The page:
at least 200,000 seafarers are estimated to require immediate repatriation, with many serving on extended crew contracts who are overdue to return home, in addition to a similar number of seafarers that urgently need to join their ships in order to allow the world’s internationally trading vessels to continue to operate safely
seafarers’ tours of duty cannot continue to be extended and need to be kept to a duration of less than 12 months, as set out by the Maritime Labour Convention (MLC) 2006, as amended – the global shipping industry estimates that, since March 2020, only about 25% of normal crew changes have taken place; apart from the humanitarian and crew welfare concerns, and issues of regulatory compliance, there is an increasing risk that fatigue and mental health issues could lead to serious maritime accidents
the complexity of facilitating ship’s crew changes, regardless of the seafarers’ nationality, requires concerted action as well as access to commercial flights to the principal seafarer countries of origin and those countries where crew changes take place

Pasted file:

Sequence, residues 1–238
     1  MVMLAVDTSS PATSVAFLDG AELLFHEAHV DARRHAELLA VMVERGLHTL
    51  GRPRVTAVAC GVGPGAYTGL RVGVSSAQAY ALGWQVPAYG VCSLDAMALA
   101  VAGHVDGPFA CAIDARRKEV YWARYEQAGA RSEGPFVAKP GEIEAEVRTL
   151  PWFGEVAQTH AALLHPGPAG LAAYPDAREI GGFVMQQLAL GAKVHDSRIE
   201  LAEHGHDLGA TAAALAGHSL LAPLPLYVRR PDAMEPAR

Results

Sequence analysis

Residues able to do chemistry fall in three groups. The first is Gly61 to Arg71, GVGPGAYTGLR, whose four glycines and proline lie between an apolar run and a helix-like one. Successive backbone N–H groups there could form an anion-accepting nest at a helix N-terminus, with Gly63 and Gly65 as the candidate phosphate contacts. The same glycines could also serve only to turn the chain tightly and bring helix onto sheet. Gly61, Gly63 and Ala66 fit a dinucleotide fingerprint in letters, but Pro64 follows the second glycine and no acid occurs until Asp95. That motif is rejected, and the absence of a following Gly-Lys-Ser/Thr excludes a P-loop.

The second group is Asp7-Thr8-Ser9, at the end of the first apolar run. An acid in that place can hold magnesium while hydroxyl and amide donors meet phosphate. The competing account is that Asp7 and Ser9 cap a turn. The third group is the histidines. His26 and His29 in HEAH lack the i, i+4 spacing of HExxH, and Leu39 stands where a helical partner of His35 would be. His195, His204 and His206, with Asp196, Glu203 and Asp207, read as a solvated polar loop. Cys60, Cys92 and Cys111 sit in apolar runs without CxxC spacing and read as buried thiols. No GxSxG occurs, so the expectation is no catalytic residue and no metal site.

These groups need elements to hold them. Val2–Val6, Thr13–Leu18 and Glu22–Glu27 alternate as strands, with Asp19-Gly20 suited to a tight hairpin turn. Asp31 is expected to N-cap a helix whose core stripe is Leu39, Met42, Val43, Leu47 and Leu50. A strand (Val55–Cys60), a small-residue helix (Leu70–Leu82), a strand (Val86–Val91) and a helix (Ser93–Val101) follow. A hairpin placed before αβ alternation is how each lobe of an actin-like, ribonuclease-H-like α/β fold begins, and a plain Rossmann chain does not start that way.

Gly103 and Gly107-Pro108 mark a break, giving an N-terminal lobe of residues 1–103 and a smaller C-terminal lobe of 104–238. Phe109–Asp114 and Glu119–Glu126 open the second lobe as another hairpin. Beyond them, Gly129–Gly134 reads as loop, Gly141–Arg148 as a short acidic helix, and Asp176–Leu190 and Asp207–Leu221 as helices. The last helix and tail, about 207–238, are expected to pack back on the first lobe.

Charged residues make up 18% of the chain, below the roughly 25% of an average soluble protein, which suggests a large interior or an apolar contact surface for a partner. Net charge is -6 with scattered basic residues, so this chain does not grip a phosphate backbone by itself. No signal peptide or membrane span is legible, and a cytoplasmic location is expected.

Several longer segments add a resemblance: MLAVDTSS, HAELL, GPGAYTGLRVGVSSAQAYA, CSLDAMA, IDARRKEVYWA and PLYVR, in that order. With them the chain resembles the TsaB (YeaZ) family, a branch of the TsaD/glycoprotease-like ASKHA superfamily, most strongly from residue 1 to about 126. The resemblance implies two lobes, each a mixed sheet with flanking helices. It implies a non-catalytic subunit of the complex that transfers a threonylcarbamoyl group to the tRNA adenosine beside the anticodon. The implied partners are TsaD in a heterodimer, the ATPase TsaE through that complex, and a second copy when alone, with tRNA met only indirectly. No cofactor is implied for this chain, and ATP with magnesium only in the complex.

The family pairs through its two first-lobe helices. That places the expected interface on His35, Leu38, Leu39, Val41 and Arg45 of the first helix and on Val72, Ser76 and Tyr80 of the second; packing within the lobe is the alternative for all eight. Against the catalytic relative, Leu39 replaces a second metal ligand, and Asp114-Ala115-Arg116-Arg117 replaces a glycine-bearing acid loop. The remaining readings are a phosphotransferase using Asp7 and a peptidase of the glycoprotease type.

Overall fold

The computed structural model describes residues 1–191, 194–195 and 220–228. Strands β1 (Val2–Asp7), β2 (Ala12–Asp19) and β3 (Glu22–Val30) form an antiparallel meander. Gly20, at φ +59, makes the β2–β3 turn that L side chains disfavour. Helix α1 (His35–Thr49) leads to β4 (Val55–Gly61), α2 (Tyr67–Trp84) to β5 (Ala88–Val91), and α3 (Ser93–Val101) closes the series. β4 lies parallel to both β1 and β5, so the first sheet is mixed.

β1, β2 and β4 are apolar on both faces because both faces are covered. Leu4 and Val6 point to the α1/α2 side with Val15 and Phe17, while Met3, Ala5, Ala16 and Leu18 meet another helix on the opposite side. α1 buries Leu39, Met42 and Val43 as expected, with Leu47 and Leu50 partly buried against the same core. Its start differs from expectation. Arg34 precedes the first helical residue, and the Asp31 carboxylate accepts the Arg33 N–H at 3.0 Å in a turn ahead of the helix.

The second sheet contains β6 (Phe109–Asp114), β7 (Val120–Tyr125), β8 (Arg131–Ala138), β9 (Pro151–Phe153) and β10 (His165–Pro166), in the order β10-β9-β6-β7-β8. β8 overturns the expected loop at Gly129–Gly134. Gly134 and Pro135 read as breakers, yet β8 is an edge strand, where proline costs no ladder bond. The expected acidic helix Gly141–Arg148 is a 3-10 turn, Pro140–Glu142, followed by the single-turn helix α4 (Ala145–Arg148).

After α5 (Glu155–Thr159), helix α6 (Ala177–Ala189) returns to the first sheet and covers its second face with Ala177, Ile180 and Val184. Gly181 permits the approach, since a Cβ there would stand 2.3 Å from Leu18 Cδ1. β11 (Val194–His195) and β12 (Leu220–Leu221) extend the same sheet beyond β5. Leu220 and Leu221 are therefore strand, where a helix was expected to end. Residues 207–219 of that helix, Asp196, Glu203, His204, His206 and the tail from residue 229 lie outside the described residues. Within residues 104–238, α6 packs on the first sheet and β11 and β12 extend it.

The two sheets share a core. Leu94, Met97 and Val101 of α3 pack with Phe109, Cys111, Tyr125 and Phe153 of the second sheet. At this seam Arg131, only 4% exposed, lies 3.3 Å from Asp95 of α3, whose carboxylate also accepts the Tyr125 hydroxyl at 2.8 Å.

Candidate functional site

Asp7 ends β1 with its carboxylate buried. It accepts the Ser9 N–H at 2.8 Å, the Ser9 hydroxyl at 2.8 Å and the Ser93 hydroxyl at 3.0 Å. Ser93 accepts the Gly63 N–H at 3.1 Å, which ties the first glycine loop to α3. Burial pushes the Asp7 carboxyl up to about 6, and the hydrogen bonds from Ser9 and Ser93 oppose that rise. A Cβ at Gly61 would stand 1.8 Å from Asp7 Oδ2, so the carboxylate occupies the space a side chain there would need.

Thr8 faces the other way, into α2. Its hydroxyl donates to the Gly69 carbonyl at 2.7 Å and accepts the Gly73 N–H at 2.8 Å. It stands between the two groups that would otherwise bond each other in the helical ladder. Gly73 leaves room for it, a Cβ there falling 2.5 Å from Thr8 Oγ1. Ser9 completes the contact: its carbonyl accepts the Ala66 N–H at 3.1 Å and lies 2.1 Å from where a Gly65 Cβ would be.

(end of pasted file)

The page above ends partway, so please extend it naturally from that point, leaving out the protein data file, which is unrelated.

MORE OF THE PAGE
that the health and wellbeing of seafarers is paramount and is inextricably linked to the continuing safety and efficiency of ship operations
that the uncertainty around a possible second wave of COVID-19 underscores the need for swift actions without further delay to allow crew changes and to avoid further consequences to the already fragile global supply chain, which relies on goods transported by ships
that the lessons learned during the COVID-19 outbreak be used to create international protocols in partnership with the maritime industry and the regulatory agencies, to provide practical instruments to facilitate shipping operations and enable seafarers to perform their essential role, in case of a future global pandemic
We therefore recognise the importance of the pledges set out below and, as a matter of urgency, to: